The Federal False Claims Act is an important whistleblowing tool

Key Takeaway:

The Federal False Claims is an important step in preventing and regulating fraud in the federal government. The Act has come a long way from being a grossly underutilized one to being a powerful tool for checking fraud.

The Federal False Claims Act is a Congressional Act that is aimed at fighting fraud at the federal government level. Although the spirit of such legislation goes back to medieval England, in the US, it was enacted during the Civil War to check fraud in supplies to the Union Army. Because of this reason, the Federal False Claims Act earned the sobriquet, "Lincoln Law". For more than 120 years since its inception, it was considered ineffective in dealing with the aim it sought to accomplish, until it was dramatically overhauled in 1986.

Provisions of the strengthened Federal False Claims Act inflict liability on those who carry out fraud against government programs. These could include persons or companies, the latter of which are normally referred to as federal contractors. Federal False Claims Act is considered an important weapon in the federal Government's arsenal in fighting fraud.

The qui tam provision

The Federal False Claims Act is based on the jurisprudential principle of qui tam and contains provisions relating to it. Qui tam essentially means, as described in the original Latin phrase, suing for both the king and one's own self. That is, this legal principle means suing on behalf of oneself while suing for the government. In fact, one of the other names of the Federal False Claims Act is "Qui Tam Statute".

The qui tam principle allows private individuals, that is, non-government associated people, to file actions on behalf of the government, even though they are not part of it. Such people are defined as "relators" in this Act. This is what is in normal parlance referred to as whistleblowing. This is a reason for which the Act is also called "Informer's Act".

Share in the spoils

The Federal False Claims Act allows such people who have successfully filed and claimed whistleblowing charges to receive a significant part of the recovered damages. This ranges usually between 15 and 25 percent of the total proceeds.

Among the major industries the Federal False Claims Act has initiated proceedings and recovered damages, the following top the list:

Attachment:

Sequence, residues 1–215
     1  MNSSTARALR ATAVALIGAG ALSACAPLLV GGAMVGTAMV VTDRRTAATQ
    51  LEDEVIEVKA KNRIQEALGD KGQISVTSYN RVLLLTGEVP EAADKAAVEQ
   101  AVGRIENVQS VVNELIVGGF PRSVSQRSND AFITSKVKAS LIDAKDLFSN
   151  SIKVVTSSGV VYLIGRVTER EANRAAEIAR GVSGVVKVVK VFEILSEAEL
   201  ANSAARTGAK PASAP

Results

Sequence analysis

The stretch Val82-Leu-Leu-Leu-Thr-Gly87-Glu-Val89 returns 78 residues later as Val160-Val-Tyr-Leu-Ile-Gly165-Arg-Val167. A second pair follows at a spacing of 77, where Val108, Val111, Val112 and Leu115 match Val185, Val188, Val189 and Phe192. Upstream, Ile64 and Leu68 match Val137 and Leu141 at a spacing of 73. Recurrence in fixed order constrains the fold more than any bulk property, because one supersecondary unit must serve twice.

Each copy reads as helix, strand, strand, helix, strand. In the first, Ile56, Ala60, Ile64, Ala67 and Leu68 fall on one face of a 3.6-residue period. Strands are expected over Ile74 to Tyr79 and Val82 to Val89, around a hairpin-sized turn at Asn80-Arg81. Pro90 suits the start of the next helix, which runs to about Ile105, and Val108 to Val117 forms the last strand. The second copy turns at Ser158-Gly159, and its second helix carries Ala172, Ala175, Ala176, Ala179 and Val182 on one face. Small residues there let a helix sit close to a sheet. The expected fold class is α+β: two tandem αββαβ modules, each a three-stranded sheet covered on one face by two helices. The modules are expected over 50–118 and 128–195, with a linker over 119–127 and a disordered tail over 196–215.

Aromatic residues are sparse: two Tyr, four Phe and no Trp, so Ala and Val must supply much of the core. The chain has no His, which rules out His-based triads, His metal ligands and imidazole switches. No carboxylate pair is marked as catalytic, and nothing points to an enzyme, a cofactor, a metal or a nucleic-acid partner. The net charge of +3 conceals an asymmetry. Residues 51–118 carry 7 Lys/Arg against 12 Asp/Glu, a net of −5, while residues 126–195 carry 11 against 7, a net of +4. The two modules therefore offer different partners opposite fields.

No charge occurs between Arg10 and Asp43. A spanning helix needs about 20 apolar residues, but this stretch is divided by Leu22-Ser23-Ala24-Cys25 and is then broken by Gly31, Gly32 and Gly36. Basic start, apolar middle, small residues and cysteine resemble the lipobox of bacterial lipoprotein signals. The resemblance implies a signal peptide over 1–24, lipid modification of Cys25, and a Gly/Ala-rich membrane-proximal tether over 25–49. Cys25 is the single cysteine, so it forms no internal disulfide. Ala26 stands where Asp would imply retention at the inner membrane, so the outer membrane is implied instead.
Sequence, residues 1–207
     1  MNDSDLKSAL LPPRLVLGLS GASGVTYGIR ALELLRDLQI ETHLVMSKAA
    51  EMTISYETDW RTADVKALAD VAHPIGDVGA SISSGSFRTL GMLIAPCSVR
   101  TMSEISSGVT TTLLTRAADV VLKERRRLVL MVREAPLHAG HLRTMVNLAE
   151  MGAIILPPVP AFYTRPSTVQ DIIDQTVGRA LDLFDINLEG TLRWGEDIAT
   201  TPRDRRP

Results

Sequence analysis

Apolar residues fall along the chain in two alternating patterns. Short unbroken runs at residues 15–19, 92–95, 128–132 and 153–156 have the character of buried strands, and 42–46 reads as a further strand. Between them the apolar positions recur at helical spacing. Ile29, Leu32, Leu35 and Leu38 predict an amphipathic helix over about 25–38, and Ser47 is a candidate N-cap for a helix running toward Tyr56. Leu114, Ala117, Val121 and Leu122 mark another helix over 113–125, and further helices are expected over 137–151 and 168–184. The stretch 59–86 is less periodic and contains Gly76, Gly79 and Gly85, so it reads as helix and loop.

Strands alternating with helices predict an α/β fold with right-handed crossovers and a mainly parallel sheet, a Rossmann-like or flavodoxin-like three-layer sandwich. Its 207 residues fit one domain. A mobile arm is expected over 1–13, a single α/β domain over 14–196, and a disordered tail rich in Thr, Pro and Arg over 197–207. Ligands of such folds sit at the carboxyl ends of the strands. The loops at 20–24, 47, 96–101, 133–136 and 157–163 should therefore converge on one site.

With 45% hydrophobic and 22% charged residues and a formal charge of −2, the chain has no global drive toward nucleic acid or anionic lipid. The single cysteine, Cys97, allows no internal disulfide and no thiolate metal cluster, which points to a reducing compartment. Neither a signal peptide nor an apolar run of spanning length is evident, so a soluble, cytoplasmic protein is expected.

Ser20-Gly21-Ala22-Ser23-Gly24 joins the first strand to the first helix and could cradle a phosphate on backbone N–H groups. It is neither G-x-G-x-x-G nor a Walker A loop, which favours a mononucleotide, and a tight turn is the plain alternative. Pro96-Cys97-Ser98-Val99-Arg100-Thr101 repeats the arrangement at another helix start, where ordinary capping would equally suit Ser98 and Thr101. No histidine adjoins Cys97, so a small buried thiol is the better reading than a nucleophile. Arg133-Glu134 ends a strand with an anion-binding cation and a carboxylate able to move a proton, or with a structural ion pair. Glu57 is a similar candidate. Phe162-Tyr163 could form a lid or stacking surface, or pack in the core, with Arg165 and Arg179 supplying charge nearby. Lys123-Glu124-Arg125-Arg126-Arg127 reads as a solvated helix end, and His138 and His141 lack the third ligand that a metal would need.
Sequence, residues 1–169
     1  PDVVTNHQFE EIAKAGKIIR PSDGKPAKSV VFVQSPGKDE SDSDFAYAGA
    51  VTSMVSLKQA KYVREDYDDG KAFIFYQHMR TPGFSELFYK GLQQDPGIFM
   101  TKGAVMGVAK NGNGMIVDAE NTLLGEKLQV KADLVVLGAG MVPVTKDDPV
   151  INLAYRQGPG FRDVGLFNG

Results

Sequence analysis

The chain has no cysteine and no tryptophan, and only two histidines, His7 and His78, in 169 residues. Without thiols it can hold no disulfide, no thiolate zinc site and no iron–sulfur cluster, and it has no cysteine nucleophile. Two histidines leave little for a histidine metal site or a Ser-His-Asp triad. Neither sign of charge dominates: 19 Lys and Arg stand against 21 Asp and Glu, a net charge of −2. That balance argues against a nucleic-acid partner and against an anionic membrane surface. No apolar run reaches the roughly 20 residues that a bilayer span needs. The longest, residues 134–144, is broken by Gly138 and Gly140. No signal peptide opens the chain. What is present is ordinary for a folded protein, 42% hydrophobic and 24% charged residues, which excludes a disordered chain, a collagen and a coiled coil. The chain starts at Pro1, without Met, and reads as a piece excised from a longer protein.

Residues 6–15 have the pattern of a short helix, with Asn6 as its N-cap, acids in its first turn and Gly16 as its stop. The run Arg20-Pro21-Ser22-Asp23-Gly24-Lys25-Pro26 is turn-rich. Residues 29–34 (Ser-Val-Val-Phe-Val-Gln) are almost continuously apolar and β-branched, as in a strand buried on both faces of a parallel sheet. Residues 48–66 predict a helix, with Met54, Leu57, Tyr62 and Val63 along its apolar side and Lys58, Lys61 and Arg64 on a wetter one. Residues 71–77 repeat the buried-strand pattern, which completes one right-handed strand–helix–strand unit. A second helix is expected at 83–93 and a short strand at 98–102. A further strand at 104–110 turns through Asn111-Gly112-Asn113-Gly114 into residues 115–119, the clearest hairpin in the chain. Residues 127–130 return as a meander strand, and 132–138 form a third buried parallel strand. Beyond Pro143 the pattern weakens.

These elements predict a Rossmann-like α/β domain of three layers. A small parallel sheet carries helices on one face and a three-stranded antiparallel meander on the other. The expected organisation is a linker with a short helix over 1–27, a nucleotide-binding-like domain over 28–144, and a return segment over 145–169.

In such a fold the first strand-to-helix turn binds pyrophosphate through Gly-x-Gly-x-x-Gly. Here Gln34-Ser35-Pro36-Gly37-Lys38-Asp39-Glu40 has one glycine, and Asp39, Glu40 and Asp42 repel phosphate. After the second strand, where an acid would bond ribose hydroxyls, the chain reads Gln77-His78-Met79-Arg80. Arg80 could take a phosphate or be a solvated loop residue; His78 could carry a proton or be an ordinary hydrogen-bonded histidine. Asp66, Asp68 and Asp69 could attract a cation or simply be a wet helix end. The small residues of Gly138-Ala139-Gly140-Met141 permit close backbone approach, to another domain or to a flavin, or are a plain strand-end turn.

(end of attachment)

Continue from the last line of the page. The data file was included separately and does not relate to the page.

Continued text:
• Pharmaceuticals
  • Healthcare
  • Military
  • Other government spending programs, primarily in the areas of construction, natural disaster recovery, housing, energy, and reconstruction during the Iraq War

Proof of the pudding...

The Federal False Claims Act, which was considered impotent till it was given teeth by the 1986 amendment, has been successful in preventing fraud and recovering claims to the extent of nearly $40 billion in a little over a quarter of a century since this amendment.

When a person commits the following acts, they qualify as being unlawful under the Federal False Claims Act:

  • When a false claim is knowingly presented for approval or payment, or caused to be so
  • When a false record or statement amounting to a fraudulent or false claim is made or caused to be made
  • When a conspiracy is made for committing a violation of any provisions of the False Claims Act
  • When the amount or kind of property meant for use by the government is falsely valued or certified
  • Not ascertaining the truth of information contained in a document relating to the certifying receipt of property is also unlawful according to the Federal False Claims Act
  • Willful purchase of government property from an unauthorized officer of the government
  • When false records are made or used or caused to be made or used with the intention of avoiding or decreasing the legally obliged payment or transmit property to the government knowingly, this is also considered unlawful by the Federal False Claims Act.
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